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Written on November 16th, 2013 , Mystery Events, Writing Tags: ,

With Chanukah and American Thanksgiving just around the corner, and festivals of light and Christmas not far behind, some of my friends are at a loss as to what kinds of presents to give or how to connect with their family, friends or communities across the miles. I was mentally masticating on this conundrum as I picked up a wonderful anthology I am reading, Murder for Christmas.Then it struck me like a frying pan to the face—WHAT A GREAT PROJECT TO DO! This being an arts-in-ed blog, I am hoping none of my readers freak out, but instead read on to my three simple, fun, easy ways of celebrating whatever you celebrate with people you care about. AND these suggestions have a base cost of ZERO; what you spend on folks is your time.

 

  1. Write a group story.

    Choose a holiday or holiday theme (lighting candles or sledding, for example).

    Choose a character (or a few) that is a source of fun or remembrance for the group. Garden gnomes, my grandmother, and dogs are always great story centerpieces in my family. Think of an event or story that is true, and let your mind wander about mischievously to alter it a bit. Write a short paragraph that has a cliff-hanger and some implied action. Next is the tricky bit, and should be adjusted based on to whom you are reaching out, because you want people to participate in a way that is comfortable for them, and you want it to feel easy—and sometimes these two things require opposite kinds of organization. My suggestion is send out on the email waves your idea,your paragraph and a list of dates for people to choose (so that the story will have a linear path). For example, maybe have it set up for the 8 days of Chanukah or every-other day leading up to Christmas Eve. Then send out the final version to everyone, or record yourself reading it and send that out, or have a video hangout and share it together! Cost: NOTHING. If you need public access to a computer, this kind of usage is free at most libraries, and it is simple to do.
  2. Create a Holiday-Themed Crime Scene.

You know I create interactive mysteries for events and for homes, and yes that is hard to do. BUT this idea is much simpler and can involve everyone, and is terrific for children. In a nutshell, there are those creating the crime scene, and those who will be detectives. For example, maybe the grown ups are creating it and the kids will be the detectives. Side note: more than one household can have the same group-created crime happen! The Crime Creators choose a theme, then a crime (something is missing ((Stolen? Lost? Transmuted? Etc)), someone has been kidnapped, some place has messily searched), then decide the ‘who’ and the ‘ why’–again, family jokes or themes or stories work best. Set the stage and voila! Help solve the crime and make sure sweets and treats are there for rewards. Making these choices as a group– maybe even different people get to have final say for different aspects– makes it all the more fun. Then on the day of the event, perhaps there is a phone call or an email clue that helps solve the mystery. Video tape the same mystery playing out in different homes, and share that, or just talk on the phone afterwards and be sure to have the kids swap solving stories. A terrific advantage to these is that there isn’t any real writing involved. Cost: can be as low as zero—just use what you have!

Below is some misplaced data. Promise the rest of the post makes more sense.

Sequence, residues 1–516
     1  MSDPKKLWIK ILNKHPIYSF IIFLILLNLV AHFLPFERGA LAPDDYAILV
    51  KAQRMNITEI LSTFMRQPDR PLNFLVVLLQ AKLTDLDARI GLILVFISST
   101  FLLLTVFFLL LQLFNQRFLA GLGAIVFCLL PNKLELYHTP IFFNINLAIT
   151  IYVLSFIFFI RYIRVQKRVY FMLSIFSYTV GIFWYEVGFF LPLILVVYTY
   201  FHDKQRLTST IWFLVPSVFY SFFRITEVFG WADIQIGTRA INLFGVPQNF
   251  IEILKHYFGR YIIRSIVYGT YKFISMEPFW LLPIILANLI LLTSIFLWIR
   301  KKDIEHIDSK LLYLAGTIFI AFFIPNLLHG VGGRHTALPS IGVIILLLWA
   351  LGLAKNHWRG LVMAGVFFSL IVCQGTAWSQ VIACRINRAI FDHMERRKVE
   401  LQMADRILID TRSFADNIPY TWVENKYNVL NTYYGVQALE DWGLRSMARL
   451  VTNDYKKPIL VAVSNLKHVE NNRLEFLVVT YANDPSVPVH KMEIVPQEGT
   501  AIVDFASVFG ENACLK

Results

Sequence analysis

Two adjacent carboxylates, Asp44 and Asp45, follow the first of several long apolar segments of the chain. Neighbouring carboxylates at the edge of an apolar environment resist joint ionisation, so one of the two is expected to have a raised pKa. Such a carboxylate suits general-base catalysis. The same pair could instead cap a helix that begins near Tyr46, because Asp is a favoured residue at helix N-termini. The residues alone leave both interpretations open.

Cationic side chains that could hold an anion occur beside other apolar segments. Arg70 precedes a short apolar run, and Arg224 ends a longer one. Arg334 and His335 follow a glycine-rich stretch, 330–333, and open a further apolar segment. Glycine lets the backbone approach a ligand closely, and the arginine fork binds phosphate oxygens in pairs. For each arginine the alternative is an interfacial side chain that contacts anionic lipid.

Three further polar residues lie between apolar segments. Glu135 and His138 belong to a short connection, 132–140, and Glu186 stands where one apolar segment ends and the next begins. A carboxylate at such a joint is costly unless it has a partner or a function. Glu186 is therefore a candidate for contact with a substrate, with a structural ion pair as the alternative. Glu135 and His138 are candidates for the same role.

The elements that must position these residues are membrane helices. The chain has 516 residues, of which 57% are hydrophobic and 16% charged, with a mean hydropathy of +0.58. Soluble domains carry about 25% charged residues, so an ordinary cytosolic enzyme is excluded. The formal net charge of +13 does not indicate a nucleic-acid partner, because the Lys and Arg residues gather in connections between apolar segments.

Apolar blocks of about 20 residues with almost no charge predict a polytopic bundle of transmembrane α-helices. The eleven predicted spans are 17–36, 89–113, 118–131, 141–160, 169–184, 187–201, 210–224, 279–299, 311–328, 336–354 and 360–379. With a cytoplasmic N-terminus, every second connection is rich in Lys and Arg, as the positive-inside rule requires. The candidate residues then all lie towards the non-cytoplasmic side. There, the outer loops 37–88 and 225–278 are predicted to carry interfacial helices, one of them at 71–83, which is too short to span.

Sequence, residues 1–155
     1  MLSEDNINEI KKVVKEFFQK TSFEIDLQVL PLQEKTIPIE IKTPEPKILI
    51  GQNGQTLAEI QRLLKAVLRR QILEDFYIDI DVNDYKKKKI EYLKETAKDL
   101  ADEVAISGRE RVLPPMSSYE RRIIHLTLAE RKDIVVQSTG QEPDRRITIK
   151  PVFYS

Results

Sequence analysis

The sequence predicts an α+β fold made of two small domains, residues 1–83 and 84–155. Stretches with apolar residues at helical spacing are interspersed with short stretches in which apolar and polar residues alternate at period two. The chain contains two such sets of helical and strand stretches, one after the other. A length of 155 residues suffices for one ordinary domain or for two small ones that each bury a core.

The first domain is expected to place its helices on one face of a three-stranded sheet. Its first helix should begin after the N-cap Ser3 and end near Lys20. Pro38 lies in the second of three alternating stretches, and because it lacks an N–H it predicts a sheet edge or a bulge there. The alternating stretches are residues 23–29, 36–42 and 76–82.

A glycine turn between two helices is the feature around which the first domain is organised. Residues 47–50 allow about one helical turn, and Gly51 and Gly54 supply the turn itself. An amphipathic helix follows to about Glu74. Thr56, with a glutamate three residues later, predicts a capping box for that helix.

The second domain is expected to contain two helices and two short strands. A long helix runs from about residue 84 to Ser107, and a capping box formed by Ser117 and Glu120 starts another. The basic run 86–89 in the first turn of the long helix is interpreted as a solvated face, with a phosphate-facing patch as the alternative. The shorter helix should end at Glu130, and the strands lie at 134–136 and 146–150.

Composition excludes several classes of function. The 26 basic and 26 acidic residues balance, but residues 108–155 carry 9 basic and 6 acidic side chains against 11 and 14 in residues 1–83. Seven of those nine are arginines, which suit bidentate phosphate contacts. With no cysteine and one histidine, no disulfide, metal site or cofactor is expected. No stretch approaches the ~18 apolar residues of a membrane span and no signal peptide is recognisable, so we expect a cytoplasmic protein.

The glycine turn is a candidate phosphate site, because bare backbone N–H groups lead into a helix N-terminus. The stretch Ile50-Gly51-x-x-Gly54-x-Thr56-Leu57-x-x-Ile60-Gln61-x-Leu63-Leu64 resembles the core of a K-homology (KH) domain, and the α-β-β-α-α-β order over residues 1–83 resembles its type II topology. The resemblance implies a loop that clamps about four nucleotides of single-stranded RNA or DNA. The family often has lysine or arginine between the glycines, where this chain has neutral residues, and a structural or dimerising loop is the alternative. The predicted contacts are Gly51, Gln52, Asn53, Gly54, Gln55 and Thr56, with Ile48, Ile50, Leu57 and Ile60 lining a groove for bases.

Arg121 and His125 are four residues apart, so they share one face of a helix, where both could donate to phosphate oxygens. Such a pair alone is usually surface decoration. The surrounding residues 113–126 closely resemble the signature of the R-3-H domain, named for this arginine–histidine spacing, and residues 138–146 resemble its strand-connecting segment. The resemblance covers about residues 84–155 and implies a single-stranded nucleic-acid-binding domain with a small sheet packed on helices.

3. Make your own anthology of remembrances.

Many of us have had a family or group member collect photos which are then made into a little book (digitally or physically) for a holiday. This idea is similar, and has the advantage of everyone being able to do their part –or not– without very much structure. The point person (you) chooses a person or theme. Keep it narrow, because people do better with some specifics to spark their memories and with some structures to build on. Put out a call or email blast, include a deadline and your own example, and collect the mini-stories and memories as they come rolling back in. For example, I might ask people to share a memory of a time we were all together, including my Texas family. Or, I might suggest that each story have a pet in it, or involve my grandmother. Once you receive the stories, organize them into an arc, maybe add a photo or two (in the word doc or on paper), and voila! A lovely group gift that will be a surprise for everyone in the group. If it is all digital, the cost is ZERO and this project can easily be done at any library. Or use something shutterfly, vistaprint, snapfish et cetera to make an inexpensive lovely ‘book’ with more pictures.

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